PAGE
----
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Notes From a CEO Crib Sheet: Knowing When to Change Direction

CEOs have many responsibilities. One of them is to analyse, consider and then set a clear direction for the whole company. Where he or she leads, others will follow. Depending on the direction chosen, the company will develop certain products, approach different markets, and hire specific people.

The problem is that the world is always changing and sticking to one path isn’t always the best thing to do. Conversely, constantly changing direction will cause more than corporate travel sickness. It will be so inefficient and the CEO will lose so much credibility, that it’s simply not tenable.

So, what does the CEO do when concerned about the company’s current direction?

1. Face facts

The only starting point is to understand the reality of the situation. There’s no point continuing on the same path through stubbornness, fear or optimism. This is the time to gather as much evidence and as many facts as possible.

Once gathered, the temptation is to make the facts fit a desired outcome. However, an analytical approach serves best. It’s often useful to include some trusted and skilled individuals in this endeavor, encouraging them to speak freely (even if it contradicts the status quo!).

2. Explore alternatives

If, after an objective analysis, you, as CEO, believe a change is required, you need to restrain yourself from a knee-jerk reaction. At this point, it’s time to explore the alternatives, however outlandish they may seem at first.

These can include anything from waiting for a short while to see if things change again (as they can do), to a gentle nudge on the tiller, to a dramatic and wholesale change programme.

It will feel like time is of the essence, and certainly this process does have time limits, but it’s important not to rush. It’s critical to be as considered as when you set the original strategy and direction.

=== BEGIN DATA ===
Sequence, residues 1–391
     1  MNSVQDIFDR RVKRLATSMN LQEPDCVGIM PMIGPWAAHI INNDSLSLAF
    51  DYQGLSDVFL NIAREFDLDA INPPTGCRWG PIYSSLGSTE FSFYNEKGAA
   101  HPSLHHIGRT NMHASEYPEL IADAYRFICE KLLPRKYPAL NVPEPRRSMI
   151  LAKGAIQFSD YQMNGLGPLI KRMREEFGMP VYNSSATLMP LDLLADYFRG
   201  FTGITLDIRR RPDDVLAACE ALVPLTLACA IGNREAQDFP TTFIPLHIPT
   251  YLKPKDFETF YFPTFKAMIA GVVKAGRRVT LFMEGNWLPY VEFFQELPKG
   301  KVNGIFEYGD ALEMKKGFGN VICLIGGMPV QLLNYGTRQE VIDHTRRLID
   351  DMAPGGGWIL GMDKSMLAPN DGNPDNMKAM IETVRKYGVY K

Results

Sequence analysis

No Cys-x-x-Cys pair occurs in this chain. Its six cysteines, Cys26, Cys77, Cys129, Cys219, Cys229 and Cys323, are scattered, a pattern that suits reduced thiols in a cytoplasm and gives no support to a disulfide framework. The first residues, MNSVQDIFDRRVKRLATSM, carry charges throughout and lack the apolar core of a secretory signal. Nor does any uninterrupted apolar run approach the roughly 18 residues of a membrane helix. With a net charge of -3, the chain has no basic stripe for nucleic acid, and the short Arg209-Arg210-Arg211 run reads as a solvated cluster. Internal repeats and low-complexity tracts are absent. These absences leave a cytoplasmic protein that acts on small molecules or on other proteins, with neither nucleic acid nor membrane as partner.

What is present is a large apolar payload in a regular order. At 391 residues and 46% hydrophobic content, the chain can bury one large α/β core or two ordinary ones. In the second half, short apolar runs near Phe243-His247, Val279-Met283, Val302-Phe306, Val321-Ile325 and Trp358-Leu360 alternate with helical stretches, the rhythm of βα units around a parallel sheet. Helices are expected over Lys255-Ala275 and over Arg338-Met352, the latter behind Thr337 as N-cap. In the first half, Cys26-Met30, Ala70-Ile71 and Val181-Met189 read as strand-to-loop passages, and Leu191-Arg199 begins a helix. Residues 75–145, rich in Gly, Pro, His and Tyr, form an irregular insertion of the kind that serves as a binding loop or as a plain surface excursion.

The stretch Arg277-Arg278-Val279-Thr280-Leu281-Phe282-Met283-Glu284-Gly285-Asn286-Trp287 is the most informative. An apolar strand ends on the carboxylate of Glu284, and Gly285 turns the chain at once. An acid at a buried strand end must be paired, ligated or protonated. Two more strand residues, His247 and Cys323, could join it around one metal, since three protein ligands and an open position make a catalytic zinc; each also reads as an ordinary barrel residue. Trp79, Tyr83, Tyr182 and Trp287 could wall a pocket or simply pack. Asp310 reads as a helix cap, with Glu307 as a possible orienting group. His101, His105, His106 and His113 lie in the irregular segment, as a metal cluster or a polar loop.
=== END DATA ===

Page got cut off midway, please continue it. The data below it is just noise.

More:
Which way?

3. Change direction

Having deliberated, explored and tested different options (on trusted colleagues), it’s now time to change direction. As with the original plan, you need to establish, and communicate:

  • why the change is needed
  • what the change is
  • how the change will happen
  • what the milestones are
  • what this means to the company
  • what it means to individuals
  • why you have confidence in this new plan.

Even more than with the original plan, people may feel anything from relieved (because they saw the original plan wasn’t working) to nervous (of change) to fear (for their jobs and the well-being of the company). This means that the CEO will need to invest significant time and effort explaining and re-assuring individuals as well as groups.

What’s more, it’s not just internally that the CEO needs to explain and re-assure. Shareholders, customers and suppliers will all be eager to establish whether the CEO and the new plan are credible and worthy of their continued support.

If all of this sounds daunting, you should re-assure yourself that the alternative of sticking to a poor plan will be even worse. There’s more than one route to success, and the best CEOs are adept navigators of the ever-changing economic waters.

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